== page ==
Facebook challenge – January 2010
Grab the book nearest you. Turn to page 56. Find the fifth sentence. Use that sentence to update YOUR STATUS AND POST these instructions in a COMMENT to your status. Don’t dig for your favorite book, the coolest, or the most intellectual. Use the CLOSEST book!!
A Droplet of Water Chemistry
What was on page 56 of the book next to me, in my office where I worked as Chemist in a Water Treatment Plant? Of course, a journal on Water Treatment. So here is the fifth sentence.
“The high AOB [ammonia-oxidizing bacteria] level observed in 1290 reservoir in August was, therefore, likely attributable to nonviable AOB cells that were inactivated as a result of the free chlorine residual in August 2007.”
Now what did you just read? I may remember enough from what I learned to explain the quote. These bacteria (AOB) use up Dissolved Oxygen to oxidize Ammonia to Nitrates. Dissolved Oxygen is important because without this vital element water to stagnates. Not good for the reservoir, when these microbes are active, but the free chlorine left dead bodies (non-viable). In other words, they could be counted but not counted on to metabolize and use up oxygen. More of the article must be exposed to comprehend its context. I studied reports and books to understand somewhat that sentence – 5th sentence on page 56.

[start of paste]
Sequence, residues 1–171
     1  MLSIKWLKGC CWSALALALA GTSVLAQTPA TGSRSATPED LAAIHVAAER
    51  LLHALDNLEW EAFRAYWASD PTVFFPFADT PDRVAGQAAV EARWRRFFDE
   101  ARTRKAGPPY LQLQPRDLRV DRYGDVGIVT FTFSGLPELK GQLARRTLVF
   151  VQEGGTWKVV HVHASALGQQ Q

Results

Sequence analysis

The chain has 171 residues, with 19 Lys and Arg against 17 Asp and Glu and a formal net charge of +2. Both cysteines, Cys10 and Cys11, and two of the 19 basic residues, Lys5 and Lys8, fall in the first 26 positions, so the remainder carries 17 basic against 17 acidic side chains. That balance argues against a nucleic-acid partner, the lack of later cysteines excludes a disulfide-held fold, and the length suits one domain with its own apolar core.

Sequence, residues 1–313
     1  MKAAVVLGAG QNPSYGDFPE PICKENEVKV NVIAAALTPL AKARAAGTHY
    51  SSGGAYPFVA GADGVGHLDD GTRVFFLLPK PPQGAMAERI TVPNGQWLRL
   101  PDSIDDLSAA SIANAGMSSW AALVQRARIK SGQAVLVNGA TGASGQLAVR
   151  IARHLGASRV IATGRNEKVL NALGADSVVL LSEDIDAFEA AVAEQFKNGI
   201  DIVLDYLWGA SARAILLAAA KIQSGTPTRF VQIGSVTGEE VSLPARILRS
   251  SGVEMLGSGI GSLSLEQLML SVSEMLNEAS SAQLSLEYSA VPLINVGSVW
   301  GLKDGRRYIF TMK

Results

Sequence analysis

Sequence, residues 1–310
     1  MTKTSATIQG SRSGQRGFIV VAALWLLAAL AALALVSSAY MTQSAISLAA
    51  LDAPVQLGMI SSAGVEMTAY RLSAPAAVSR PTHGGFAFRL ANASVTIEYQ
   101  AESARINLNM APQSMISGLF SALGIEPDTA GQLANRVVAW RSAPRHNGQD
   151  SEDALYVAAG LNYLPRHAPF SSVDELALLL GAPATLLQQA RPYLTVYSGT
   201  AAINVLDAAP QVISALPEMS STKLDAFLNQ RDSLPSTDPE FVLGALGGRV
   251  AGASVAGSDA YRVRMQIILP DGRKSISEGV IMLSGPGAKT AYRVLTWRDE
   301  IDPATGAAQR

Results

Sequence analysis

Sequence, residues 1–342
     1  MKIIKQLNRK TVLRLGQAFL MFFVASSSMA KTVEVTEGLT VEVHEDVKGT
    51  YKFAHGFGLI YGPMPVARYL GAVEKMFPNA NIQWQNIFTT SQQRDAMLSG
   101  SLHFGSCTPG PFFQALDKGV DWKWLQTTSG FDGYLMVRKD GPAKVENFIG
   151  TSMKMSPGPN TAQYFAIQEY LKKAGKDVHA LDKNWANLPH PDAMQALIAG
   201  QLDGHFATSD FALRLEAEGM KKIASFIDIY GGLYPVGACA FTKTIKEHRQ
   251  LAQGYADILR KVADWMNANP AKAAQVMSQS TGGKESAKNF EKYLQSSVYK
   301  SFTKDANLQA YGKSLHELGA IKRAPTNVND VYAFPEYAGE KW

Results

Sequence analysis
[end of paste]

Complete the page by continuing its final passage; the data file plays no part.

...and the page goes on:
A Collection of Books
A student learns by reading all sorts of books. It is easier learning when you love reading. Libraries are the hallways to education. At The Pennsylvania State University, which I attended during the 1970s, the main library headlined this astonishing slogan: THE TRUE UNIVERSITY IS A COLLECTION OF BOOKS.
This was Patee Library, which became a refuge of intensive and extensive self-directed learning. I discovered a precious collection of publications in the “Stacks,” which became home for many hours each day. I read anything and learned many things.
Ten Thousand Hours
Whoever said that experts spend ten thousand hours to master their craft? If this is true, then starting with my sisters’ Collins Romance novels I have certainly clocked enough hours to qualify as an expert. Love for reading accelerated like my prized 3-speed bike, a vehicle to the libraries around town, coasting down hill with a two-weeks supply of books. Serial hardbacks were in – Hardy Boys, Nancy Drew, Tarzan, William – and my young literary friends stalked the shelves for the latest ones. Is that ten-thousand hours yet?
Did you know criminal corporations burned books? Not in the fictional future depicted by Fahrenheit 451, the movie title derived from paper’s ignition point, but I recall books being dumped and burned every Friday evening in my hometown. We were 12 years old, best friends forever, and after school. at the end of the week, the group saddled bikes to salvage burning comic books from the Funny Book Dump. We were outraged that these trucks heaped with early editions of Spiderman, Fantastic Four, and all those Marvel superheroes, plus Superman, Batman, and others from the DC collection, and of course, Archie, Bugs Bunny, Coyote and the Road Runner, with so many more, glossy and new, but not the latest, pulled into this burning ground to destroy forever the same books, which, ironically, would become valued collections in our time. They were burned to create room for the newest edition, and the previous edition was dumped rather than donated. This was capitalism at it’s worst – maybe not as tertible as destroying food during the Great Depression – but they were burning books, for God’s same!